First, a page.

Should a man who attempted to steal 10 million dollars be allowed to stand for the Cosafa presidency?
By Samindra Kunti
On Saturday, Cosafa, the Council of Southern Africa Football Associations, will elect a new president to succeed Phillip Chiyangwa, a one-term chairman whose reign was as colourful as it was controversial, and, above all, instructive. Elected unopposed in 2016, Chiyangwa, a businessman and relative of the late dictator Robert Mugabe, rose to fame when he helped to dethrone Issa Hayatou and end the Cameroonian’s 29-year long, iron-fisted reign at the Confederation of African Football (Caf).
Chiyangwa bragged that Hayatou’s downfall was engineered at his birthday party, with Fifa president Gianni Infantino and current Caf president Patrice Motsepe as chief guests. He said: “I did this. The council for removing Hayatou was the one you saw at my birthday party. This victory was my own art, my particular artistry. I have totally silenced this guy.”
Instagram posts aside, Chiyangwa’s boasting and self-proclaimed status as a powerbroker didn’t last long. His power began to fade. In 2019, the year Mugabe passed away, Chiyangwa was banned for life as the president of Zimbabwe Football Association (Zifa) for “bringing Zimbabwean football into disrepute.” Zifa alleged Chiyangwa of “unilaterally submitting an incomplete bid document” to host that year’s Cosafa Cup “without getting a government guarantee.”
Cosafa has always relied on government guarantees and financing from host nations to organise tournaments, even if it’s one of Africa’s most powerful regional governing bodies, with fourteen member associations and corresponding voting power in the Fifa presidential elections.
Which makes Saturday’s Cosafa presidential elections all the more important. Perhaps ‘elections’ is a misnomer. There is only one candidate: Artur de Almeida e Silva, 53, the president of the Federação Angolana de Futebol (FAF). In 2016, he was elected FAF president on a simple and populistic ticket ‘Serve football and the nation’.
On the face of it, the FAF president has done very little to help football in Angola. Sources tell Josimar that he has misappropriated money from the Covid-19 Fifa relief fund, which allows member associations to apply for 1,5 million US dollars in grants, including 500,000 dollars for women’s football. At the end of March, referees went on strike over a lack of payment by FAF leading to the suspension of Angola’s top flight, the Girabola.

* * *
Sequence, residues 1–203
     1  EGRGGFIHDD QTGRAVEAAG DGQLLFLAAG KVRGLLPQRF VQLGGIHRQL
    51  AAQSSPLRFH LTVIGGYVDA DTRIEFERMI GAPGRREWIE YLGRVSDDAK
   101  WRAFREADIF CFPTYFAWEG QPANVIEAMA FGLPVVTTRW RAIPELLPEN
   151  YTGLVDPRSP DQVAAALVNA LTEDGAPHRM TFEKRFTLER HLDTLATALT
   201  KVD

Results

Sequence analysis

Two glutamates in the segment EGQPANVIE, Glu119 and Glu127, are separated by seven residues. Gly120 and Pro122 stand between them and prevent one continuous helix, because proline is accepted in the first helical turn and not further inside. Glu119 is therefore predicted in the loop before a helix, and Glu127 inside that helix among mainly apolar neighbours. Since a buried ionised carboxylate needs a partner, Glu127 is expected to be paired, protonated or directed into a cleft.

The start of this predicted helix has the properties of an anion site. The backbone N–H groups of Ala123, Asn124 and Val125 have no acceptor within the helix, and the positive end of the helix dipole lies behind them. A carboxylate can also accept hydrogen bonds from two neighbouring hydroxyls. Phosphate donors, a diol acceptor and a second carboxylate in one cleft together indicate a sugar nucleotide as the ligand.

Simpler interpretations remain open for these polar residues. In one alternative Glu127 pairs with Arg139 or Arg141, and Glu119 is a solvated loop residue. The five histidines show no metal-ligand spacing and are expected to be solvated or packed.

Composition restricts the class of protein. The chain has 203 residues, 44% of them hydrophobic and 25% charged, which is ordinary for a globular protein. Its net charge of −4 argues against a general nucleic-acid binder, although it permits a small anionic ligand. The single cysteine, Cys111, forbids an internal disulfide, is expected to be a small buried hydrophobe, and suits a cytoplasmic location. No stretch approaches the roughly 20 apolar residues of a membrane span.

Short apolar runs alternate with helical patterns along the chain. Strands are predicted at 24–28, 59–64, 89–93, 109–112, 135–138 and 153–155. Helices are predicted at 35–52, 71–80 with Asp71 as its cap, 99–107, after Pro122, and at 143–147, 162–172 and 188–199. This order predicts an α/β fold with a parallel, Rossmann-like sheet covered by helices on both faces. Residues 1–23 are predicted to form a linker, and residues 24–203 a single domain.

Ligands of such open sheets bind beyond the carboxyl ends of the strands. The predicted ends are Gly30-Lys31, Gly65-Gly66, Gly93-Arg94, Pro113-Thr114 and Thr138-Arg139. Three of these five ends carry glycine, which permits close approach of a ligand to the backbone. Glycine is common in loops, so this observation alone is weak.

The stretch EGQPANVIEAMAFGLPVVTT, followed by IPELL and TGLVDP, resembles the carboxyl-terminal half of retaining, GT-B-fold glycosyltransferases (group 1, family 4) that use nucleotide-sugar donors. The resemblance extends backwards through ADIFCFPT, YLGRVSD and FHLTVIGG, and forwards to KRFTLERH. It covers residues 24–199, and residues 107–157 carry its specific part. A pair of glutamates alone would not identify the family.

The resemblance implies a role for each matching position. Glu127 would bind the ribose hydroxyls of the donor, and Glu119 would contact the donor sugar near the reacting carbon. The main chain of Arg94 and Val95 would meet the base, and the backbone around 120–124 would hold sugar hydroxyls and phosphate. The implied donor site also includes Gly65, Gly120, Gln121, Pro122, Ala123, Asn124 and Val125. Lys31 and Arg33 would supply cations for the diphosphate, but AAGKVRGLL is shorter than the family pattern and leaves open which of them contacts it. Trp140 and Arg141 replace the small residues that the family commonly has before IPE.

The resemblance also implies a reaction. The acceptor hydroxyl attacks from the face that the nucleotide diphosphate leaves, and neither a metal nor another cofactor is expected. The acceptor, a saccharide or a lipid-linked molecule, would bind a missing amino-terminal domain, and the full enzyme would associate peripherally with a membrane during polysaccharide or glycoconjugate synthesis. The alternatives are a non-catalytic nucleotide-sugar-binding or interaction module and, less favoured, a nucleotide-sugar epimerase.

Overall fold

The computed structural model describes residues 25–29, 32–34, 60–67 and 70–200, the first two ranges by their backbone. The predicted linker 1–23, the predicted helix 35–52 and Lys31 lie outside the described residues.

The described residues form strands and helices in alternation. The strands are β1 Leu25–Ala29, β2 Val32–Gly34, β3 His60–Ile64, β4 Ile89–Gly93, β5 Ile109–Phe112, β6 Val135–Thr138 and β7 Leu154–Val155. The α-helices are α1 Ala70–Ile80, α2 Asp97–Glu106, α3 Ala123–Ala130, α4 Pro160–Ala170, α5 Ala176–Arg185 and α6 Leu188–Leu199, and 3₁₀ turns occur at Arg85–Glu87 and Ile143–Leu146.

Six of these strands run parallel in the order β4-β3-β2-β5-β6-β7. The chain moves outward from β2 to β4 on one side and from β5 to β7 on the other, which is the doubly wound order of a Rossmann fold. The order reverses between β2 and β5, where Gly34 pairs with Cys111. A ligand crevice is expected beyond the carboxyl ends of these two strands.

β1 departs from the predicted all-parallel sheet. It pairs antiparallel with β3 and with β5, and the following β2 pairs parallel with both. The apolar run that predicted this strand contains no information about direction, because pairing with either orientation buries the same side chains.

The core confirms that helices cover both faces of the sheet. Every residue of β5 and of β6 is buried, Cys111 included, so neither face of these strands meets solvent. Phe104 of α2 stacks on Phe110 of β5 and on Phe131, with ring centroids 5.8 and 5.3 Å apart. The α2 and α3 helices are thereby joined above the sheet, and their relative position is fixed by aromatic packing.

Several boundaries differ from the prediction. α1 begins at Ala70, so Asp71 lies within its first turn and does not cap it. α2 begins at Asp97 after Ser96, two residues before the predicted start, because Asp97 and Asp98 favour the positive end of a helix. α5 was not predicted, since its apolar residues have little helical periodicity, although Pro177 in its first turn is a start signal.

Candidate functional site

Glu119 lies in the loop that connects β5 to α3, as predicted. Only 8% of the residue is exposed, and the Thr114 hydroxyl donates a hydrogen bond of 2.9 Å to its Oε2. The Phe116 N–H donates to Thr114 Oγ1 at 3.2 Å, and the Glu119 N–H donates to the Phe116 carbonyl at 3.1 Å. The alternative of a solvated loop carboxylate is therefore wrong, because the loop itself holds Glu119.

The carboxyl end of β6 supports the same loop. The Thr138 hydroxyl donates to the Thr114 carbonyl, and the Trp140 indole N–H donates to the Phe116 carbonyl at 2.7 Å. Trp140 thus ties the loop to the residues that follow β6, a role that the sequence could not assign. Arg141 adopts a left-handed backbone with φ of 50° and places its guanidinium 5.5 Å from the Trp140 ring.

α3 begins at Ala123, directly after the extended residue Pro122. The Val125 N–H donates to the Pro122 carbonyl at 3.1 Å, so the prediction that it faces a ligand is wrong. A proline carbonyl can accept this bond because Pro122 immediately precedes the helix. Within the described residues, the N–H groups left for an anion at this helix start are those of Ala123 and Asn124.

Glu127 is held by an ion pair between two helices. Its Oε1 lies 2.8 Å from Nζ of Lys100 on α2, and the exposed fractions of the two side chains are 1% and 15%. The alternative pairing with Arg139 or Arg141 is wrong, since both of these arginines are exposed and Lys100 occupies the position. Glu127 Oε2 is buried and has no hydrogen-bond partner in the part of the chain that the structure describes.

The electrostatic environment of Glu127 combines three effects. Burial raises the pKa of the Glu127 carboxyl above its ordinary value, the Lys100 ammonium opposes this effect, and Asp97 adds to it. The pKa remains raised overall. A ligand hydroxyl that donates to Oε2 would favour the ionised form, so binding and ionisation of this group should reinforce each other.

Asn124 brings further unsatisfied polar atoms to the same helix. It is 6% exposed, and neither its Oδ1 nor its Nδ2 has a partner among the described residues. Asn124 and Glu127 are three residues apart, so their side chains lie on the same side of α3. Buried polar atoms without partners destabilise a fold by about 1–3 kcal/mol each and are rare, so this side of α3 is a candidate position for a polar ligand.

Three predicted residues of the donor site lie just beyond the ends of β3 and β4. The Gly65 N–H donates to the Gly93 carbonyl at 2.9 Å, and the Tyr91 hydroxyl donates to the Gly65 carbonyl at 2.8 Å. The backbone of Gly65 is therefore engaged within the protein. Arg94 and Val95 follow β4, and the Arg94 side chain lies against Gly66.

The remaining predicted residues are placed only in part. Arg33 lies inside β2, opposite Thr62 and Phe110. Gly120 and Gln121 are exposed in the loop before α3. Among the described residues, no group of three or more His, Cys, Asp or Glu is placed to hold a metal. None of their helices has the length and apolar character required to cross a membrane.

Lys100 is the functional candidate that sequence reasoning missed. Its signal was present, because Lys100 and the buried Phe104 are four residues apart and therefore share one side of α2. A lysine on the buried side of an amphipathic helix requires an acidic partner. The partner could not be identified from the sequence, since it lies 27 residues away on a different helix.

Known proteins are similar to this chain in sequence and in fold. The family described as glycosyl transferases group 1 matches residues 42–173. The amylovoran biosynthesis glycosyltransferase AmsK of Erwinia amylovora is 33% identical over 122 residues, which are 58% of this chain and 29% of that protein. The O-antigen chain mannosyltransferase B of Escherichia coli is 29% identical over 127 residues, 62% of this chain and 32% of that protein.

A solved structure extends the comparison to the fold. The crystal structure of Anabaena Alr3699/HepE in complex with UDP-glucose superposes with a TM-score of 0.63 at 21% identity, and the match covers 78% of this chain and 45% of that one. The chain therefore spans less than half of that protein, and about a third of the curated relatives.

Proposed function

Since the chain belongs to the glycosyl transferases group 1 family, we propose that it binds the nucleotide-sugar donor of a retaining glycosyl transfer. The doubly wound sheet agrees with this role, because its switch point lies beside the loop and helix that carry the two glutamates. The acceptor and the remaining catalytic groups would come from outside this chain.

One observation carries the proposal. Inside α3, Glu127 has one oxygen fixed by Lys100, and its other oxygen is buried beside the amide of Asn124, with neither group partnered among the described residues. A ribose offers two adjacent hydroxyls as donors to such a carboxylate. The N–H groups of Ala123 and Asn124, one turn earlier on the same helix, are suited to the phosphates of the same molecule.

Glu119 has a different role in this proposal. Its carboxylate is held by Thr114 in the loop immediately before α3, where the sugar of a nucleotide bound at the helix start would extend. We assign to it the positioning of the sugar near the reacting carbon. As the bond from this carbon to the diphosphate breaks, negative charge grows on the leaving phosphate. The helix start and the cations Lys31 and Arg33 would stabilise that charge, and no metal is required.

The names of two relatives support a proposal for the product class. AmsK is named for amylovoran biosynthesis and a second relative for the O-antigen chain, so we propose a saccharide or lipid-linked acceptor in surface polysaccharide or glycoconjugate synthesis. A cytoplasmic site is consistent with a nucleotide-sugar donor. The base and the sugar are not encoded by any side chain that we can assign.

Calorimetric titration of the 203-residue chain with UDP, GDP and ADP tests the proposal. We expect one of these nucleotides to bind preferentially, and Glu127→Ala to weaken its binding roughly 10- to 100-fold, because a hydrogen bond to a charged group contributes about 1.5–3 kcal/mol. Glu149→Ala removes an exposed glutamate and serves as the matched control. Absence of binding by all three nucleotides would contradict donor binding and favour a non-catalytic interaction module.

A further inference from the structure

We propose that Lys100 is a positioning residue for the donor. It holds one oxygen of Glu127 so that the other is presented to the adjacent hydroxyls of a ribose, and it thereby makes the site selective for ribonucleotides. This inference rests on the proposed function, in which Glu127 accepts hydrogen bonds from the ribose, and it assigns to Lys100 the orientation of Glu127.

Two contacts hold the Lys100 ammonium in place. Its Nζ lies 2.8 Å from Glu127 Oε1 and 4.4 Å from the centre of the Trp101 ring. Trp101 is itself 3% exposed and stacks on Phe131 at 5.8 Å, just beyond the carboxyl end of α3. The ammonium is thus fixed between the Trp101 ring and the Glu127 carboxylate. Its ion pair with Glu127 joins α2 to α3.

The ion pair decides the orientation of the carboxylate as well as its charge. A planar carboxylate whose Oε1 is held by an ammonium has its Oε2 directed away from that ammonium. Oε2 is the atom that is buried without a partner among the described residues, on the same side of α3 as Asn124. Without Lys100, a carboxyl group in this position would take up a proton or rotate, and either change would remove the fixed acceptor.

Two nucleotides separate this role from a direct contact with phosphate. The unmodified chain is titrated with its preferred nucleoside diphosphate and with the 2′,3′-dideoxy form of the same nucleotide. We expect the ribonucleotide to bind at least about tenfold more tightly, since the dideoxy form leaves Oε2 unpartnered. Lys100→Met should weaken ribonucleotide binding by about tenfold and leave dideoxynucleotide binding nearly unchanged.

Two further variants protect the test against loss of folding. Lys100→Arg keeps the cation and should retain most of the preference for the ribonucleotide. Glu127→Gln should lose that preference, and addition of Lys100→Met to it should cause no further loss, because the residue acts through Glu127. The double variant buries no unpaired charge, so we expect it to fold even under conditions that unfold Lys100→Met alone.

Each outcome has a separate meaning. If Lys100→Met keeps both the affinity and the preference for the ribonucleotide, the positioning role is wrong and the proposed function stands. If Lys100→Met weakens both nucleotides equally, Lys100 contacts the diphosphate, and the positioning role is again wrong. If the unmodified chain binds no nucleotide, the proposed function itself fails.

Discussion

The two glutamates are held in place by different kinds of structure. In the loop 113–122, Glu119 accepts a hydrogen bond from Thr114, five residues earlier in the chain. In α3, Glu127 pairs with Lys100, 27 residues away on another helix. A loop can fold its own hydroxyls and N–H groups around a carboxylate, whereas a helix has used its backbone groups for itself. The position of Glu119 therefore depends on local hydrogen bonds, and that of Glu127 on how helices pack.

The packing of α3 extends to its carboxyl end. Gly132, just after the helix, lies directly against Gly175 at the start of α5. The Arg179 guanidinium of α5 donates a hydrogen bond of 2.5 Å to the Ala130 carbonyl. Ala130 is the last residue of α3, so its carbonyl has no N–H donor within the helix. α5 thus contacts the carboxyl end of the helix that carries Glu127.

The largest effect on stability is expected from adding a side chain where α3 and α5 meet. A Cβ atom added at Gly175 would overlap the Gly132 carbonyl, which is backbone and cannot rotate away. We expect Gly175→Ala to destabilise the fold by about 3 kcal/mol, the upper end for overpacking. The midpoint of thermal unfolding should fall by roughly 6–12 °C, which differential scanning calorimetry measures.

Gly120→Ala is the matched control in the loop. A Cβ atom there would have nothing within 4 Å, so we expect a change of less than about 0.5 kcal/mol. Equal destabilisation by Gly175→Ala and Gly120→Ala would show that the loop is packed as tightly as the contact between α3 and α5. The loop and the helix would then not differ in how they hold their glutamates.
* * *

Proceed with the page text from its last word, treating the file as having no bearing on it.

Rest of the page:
Perhaps, the writing had been on the wall with Artur de Almeida e Silva. In 2015, he was convicted of ‘furto domestico’ by a Luanda court. In Angola, the FAF president’s nickname is the Unitel thief. And with good reason.
In the 90’s, Artur de Almeida e Silva ran Clube Vitória do Sambizanga in Luanda before he became a FAF vice-president from 2008 to 2010, but he had the reputation of a businessman. He was an owner of Arosfram, a company that sold fresh produce like meat, poultry and eggs across Angola. However, one of his business partners, Kassim Tajideen from Lebanon was first banned from entering US territory over suspected ties to Hezbollah before a federal court in Washington D.C. sentenced him to five years in prison following charges of laundering money for Hezbollah. US authorities did not respond to Josimar whether Artur de Almeida e Silva had also been banned from entering American soil.
But if Artur de Almeida e Silva associated with a highly questionable business partner, he did not hesitate to go a step further. As owner of Zanuza, another commercial venture, he attempted to steal 10 million US dollars (1 billion Kwanzas) in 2012. Yes, 10 million dollars.
The future FAF president relied on accomplices to transfer the billion Kwanzas from the telecoms company Unitel to an old account of Zanuza, with the promise of dividing the money. But when accomplices tried to withdraw money from an ATM in downtown Luanda, BCI bank as well as the local police were alerted.
Luanda’s court wrote that “the conduct of defendant Artur de Almeida e Silva, a man with huge commercial experience, is to be broken down in three moments: he is the owner and director of a renowned company; he negotiated with someone without power of attorney; he signed a cheque and sent to withdraw money without verifying the provenance, as well as contacted the responsible at BCI to verify the existence of money transfers to his account.”